Wednesday, April 10, 2013

Hamlin Inspired By Virginia CF Patient

Alyssa Doane did not celebrate New Year’s Eve with friends and family as she had hoped. December 31, 2012 was the first of 28 consecutive a days she spent in the hospital fighting cystic fibrosis.

Stricken with a sudden illness that resulted in dangerously low lung function, fevers and unexplained rashes, she spent much of that time in intensive care. It also caused her oxygen levels to drop.
While Alyssa is now at home on IV antibiotics, she is still recovering. “It has been a very slow return, and CF is so unpredictable that we will not know just how far she will recover,” said Christal Doane, Alyssa’s mother. “She has had to fight her way back to be able to even stand again without help.”
Alyssa, a 13-year old 8th grader at Stonewall Jackson Middle School in Hanover County, Virginia, was diagnosed with CF just shy of her second birthday and has spent over a year of her short life in the hospital. “When we got the news (of her diagnosis), my world stopped moving,” Christal said. “The thing…about CF that rang in my ears was those kids don’t live very long, and they suffer.”
Cystic fibrosis is a genetic, life-threatening disease that coats the lungs with thick, sticky mucus. It also attacks the digestive tract and other areas of the body. There is no cure.
For those not familiar with CF, Christal explains, “Imagine that your baby catches a terrible cold with a cough, fever and stomach issues…Now, imagine the doctor saying your baby’s cold will never go away, and you will have to fight to keep it healthy.“
Alyssa’s rigorous daily treatments and therapy to keep her lungs clear takes about four hours. In addition, she takes a lot of medication and tries to eat well. “I had to get a feeding tube because I couldn’t eat enough food to get all of the calories I needed,” Alyssa said. “A lot of times I have to do IV antibiotics at home to keep infections in my lungs under control.”
“Kids shouldn’t have to spend their entire lives fighting such a terrible disease,” said Denny Hamlin, driver of the #11 FedEx Toyota on the NASCAR Sprint Cup Series. “It breaks my heart each time we lose someone to CF. This is why I started the Denny Hamlin Foundation.”
If her health allows, Alyssa and her family will attend Hamlin’s Short Track Showdown Presented by FedEx on April 25, 2013 at Richmond International Raceway. Proceeds from the race will go towards a $150,000 grant announced last year to the Cystic Fibrosis Research Lab at the Children’s Hospital of Richmond at VCU.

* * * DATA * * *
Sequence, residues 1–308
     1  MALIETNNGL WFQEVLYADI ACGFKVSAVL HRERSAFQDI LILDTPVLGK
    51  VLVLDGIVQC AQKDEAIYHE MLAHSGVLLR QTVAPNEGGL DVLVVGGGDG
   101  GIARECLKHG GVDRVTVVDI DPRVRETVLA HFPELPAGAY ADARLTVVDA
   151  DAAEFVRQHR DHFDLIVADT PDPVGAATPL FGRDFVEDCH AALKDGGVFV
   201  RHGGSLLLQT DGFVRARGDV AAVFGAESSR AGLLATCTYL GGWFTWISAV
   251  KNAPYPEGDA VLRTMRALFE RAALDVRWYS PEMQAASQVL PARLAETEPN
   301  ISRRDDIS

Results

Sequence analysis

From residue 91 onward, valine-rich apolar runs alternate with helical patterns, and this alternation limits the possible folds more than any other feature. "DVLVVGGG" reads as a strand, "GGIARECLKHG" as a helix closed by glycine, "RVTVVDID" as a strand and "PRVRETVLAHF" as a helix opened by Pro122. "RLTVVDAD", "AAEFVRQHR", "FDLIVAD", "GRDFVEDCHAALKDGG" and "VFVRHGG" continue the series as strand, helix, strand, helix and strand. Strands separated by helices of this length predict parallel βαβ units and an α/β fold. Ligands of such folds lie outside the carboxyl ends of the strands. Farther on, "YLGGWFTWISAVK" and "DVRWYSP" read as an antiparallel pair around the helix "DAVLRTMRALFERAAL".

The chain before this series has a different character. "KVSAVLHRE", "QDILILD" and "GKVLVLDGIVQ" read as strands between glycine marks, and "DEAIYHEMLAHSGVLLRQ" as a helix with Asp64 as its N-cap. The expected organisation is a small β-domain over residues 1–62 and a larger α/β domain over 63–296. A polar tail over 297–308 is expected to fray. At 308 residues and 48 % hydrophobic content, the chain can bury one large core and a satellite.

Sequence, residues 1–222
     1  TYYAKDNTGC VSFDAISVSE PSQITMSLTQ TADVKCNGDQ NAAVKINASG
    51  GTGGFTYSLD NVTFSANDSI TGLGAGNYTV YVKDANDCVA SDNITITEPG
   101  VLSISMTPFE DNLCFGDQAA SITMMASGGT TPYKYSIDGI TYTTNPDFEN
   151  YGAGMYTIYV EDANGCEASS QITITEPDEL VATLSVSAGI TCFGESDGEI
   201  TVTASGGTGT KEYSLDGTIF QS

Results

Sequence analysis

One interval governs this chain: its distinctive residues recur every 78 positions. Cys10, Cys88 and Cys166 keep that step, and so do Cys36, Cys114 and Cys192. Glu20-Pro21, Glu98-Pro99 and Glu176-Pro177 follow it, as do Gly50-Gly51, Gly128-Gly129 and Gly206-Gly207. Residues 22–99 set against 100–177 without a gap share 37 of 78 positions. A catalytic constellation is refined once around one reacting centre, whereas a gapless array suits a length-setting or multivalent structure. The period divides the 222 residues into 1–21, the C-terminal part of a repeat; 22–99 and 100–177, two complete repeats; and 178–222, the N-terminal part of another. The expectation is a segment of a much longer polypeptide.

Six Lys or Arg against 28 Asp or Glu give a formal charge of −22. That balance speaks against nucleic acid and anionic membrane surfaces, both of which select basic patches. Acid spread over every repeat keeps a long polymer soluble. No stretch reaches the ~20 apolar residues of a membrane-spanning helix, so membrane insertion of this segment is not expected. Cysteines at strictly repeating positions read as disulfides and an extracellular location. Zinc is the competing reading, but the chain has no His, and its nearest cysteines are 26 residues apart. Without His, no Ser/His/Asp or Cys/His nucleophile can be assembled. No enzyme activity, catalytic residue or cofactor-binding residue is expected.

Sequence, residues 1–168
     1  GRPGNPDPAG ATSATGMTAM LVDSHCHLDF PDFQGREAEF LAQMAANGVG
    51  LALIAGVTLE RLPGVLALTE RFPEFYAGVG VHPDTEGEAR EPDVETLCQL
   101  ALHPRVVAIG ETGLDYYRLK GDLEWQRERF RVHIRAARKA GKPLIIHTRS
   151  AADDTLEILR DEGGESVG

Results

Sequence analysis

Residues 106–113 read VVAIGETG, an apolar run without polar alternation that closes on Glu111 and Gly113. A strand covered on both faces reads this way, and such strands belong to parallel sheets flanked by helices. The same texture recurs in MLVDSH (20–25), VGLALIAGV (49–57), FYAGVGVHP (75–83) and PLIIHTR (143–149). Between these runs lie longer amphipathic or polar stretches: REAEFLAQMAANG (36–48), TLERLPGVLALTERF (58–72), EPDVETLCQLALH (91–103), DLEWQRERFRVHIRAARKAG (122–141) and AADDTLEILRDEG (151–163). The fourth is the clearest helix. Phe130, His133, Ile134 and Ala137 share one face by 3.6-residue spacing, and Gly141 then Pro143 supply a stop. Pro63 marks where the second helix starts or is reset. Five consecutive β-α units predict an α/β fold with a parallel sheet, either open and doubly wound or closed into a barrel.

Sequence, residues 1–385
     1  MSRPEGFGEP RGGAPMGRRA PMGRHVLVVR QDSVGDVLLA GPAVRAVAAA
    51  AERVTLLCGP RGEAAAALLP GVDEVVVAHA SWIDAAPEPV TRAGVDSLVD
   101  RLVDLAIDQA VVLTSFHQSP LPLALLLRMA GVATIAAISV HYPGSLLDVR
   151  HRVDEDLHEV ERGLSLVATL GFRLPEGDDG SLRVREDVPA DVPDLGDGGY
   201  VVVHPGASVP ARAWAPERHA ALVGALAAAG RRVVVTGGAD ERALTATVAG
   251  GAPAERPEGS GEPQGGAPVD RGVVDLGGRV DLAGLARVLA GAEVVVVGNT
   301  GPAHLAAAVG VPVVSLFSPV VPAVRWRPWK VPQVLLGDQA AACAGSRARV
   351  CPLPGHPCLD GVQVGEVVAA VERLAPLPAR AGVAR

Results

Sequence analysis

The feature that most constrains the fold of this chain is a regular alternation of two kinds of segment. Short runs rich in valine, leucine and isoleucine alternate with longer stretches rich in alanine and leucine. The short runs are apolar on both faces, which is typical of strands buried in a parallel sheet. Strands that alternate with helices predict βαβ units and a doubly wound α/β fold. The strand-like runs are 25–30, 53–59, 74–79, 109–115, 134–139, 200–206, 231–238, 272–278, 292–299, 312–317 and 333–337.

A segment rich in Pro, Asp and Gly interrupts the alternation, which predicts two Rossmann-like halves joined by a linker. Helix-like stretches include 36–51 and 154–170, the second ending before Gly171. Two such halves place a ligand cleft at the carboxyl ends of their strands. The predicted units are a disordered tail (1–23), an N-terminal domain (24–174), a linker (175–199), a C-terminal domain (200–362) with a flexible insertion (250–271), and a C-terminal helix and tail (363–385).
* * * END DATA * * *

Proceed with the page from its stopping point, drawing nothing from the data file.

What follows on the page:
“We will find a cure,” Hamlin said, “every little bit helps.”
Alyssa acknowledges, “Although CF is hard, I love my life.” She is an amateur photographer and artist, and enjoys spending time with friends, family and her new puppy, Rosie.
For Alyssa, the biggest challenge with having CF is the hospital stays because they force her to “miss special things.” She said it was also hard to miss school.
With strength and courage beyond her young age, Alyssa fights CF with hope and faith. “I get through my most difficult days because I know how many people love me and care about me, and I know that God has a special plan for me,” she said.
“Sometimes you can’t stop what happens, and that will make you mad, but you can’t let it stop you from being a good person,” Alyssa said. “I pray a lot and that also makes me stronger. The struggles are hard, but I know that a cure will be found.”
Hamlin shares the confidence that a cure will be found. “We are so close,” he said.
Hamlin also finds Alyssa to be an inspiration. “She motivates me to face my own challenges head on and to do what I need to do to get healthy,” he said about his own recovery from the L1 compression fracture in his back he suffered on May 24 in a crash at Auto Club Speedway in California. “I found out what it’s like to not be able to breathe, and that was just for a few minutes. My back will heal. I can’t imagine struggling like that for my entire life. She is a brave girl.”
Christal said that CF has made their family stronger and taught them to value things that are often times overlooked. “We are thankful for every birthday, every laugh, every cry, every minute. The most trivial things mean a lot to us. We are hoarders of memories,” she said.
Christal beamed with pride when she mentioned a recent conversation with her daughter. Alyssa told her, “I’m not happy that I’m sick, but I am happy that God chose me because I wouldn’t change anything even if I could. If I didn’t have CF, there are so many amazing people that I wouldn’t have met, and things I would never know, and I can’t imagine my life without all of those people in it.”


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